“Athira is advancing a novel, non-amyloid target to treat Alzheimer’s disease that we believe could potentially impact function and cognition, which are important for patients and caregivers. The new plasma biomarker data support our hypothesis that fosgonimeton is neuroprotective and correlates with the cognitive improvement we saw in fosgonimeton monotherapy in the ACT-AD study. We are taking a thoughtful approach to the development of fosgonimeton, mindful that we want to bring this drug to patients as expeditiously as possible given the urgent and growing patient need. Importantly, we have a strong balance sheet to support continued clinical development of our novel approach,” added Dr. Litton.
Slides from the oral AAIC presentation are available on the Scientific Publications and Presentations section of Athira’s website.
The ACT-AD trial was supported by a grant from the National Institute on Aging of the National Institutes of Health under Award Number R01AG06268. The information presented in this press release and at AAIC is solely the responsibility of Athira and does not necessarily represent the official views of the National Institutes of Health.
About the LIFT-AD Clinical Study
LIFT-AD is a randomized, double-blind, placebo-controlled, parallel-group study of fosgonimeton for patients with mild-to-moderate Alzheimer’s disease. The study has enrolled more than 300 patients in the United States, with enrollment ongoing. Patients are randomized across two dose groups and one placebo group on a 1:1:1 basis to receive a subcutaneous injection of fosgonimeton or placebo once daily over a treatment course of 26 weeks. The primary endpoint for LIFT-AD will be measured by the Global Statistical Test, which is a mathematical algorithm that combines the scores from cognition (Alzheimer's Disease Assessment Scale-Cognitive Subscale [ADAS-Cog11]), and either global impression of change (Alzheimer's Disease Cooperative Study-Clinical Global Impression of Change [ADCS-CGIC]), or function (Alzheimer’s Disease Cooperative Study-Activities of Daily Living [ADCS-ADL23]). Additional information on the study can be found at: NCT04488419.
About Fosgonimeton (ATH-1017)
Fosgonimeton (ATH-1017) is a small molecule designed to enhance the activity of hepatocyte growth factor (HGF) and its receptor, MET, to impact neurodegeneration and regenerate brain tissue. The function of the HGF/MET receptor system may be impaired in the brain under conditions of neurodegeneration. In addition to Alzheimer’s disease, fosgonimeton has the potential to address the broader dementia population, including Parkinson’s disease dementia and Dementia with Lewy bodies, as the mode of action focuses on network recovery and synaptic signal transmission in the brain.
About Athira Pharma, Inc.
Athira Pharma, Inc., headquartered in the Seattle, Washington area, is a late clinical-stage biopharmaceutical company focused on developing small molecules to restore neuronal health and slow neurodegeneration. Athira aims to provide rapid cognitive improvement and alter the course of neurological diseases with its novel mechanism of action. Athira is currently advancing its pipeline therapeutic candidates targeting the HGF/MET neurotrophic system for Alzheimer’s and Parkinson’s disease dementia, Dementia with Lewy bodies and neuropsychiatric indications. For more information, visit www.athira.com. You can also follow Athira on Facebook, LinkedIn and @athirapharma on Twitter and Instagram.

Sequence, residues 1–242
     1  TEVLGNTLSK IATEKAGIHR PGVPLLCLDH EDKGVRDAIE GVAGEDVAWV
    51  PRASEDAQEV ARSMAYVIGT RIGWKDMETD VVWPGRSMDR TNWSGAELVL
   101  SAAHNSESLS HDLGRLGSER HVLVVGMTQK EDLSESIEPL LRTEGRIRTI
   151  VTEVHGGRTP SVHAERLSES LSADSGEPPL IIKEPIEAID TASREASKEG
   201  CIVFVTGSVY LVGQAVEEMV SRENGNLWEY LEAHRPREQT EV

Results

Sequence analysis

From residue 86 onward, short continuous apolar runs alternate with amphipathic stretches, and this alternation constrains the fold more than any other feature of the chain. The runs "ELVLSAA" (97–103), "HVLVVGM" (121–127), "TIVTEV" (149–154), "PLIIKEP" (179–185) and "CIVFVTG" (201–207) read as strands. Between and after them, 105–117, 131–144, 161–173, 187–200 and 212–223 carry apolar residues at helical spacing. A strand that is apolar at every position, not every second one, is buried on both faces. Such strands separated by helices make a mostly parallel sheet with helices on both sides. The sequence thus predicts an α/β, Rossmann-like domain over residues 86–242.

This communication contains “forward-looking statements” within the meaning of Section 27A of the Securities Act of 1933, Section 21E of the Securities Exchange Act of 1934 and the Private Securities Litigation Reform Act of 1995. These forward-looking statements are not based on historical fact and include statements regarding fosgonimeton as a potential treatment for Alzheimer’s disease, Parkinson’s disease dementia, Dementia with Lewy bodies, and other dementias, and neuropsychiatric indications; Athira’s platform technology and potential therapies; future development plans; clinical and regulatory objectives and the timing thereof; expectations regarding the potential efficacy and commercial potential of Athira’s product candidates; the anticipated reporting of data; the potential learnings from the ACT-AD trial and their ability to inform and improve future clinical development plans; and Athira’s ability to advance its product candidates into later stages of development. Forward-looking statements generally include statements that are predictive in nature and depend upon or refer to future events or conditions, and include words such as “may,” “will,” “should,” “on track,” “would,” “expect,” “plan,” “believe,” “intend,” “pursue,” “continue,” and other similar expressions, among others. Any forward-looking statements are based on management’s current expectations of future events and are subject to a number of risks and uncertainties that could cause actual results to differ materially and adversely from those set forth in or implied by such forward-looking statements. These risks and uncertainties include, but are not limited to, the data for our product candidates from or preclinical and clinical trials will not support the safety, efficacy and tolerability of our product candidates; cessation or delay of any of the ongoing clinical trials and/or Athira’s development of fosgonimeton and other product candidates may occur; future potential regulatory milestones of fosgonimeton and other product candidates, including those related to current and planned clinical studies may be insufficient to support regulatory submissions or approval; the impact of the COVID-19 pandemic on Athira’s business, research and clinical development plans and timelines, and the regulatory process for Athira product candidates; Athira may not be able to recruit sufficient patients for its clinical trials; the outcome of legal proceedings that have been or may in the future be instituted against us and certain of our directors and officers; clinical trials may not demonstrate safety and efficacy of any of Athira’s product candidates; possible negative interactions of Athira's product candidates with other treatments; Athira’s assumptions regarding the sufficiency of its cash, cash equivalents and investments to fund its planned operations may be incorrect; adverse conditions in the general domestic and global economic markets; the impact of competition; regulatory agencies may be delayed in reviewing, commenting on or approving any of Athira’s clinical development plans as a result of the COVID-19 pandemic, which could further delay development timelines; the impact of expanded product development and clinical activities on operating expenses; the impact of new or changing laws and regulations; as well as the other risks detailed in Athira’s filings with the Securities and Exchange Commission. These forward-looking statements speak only as of the date hereof and Athira undertakes no obligation to update forward-looking statements. Athira may not actually achieve the plans, intentions, or expectations disclosed in its forward-looking statements, and you should not place undue reliance on the forward-looking statements.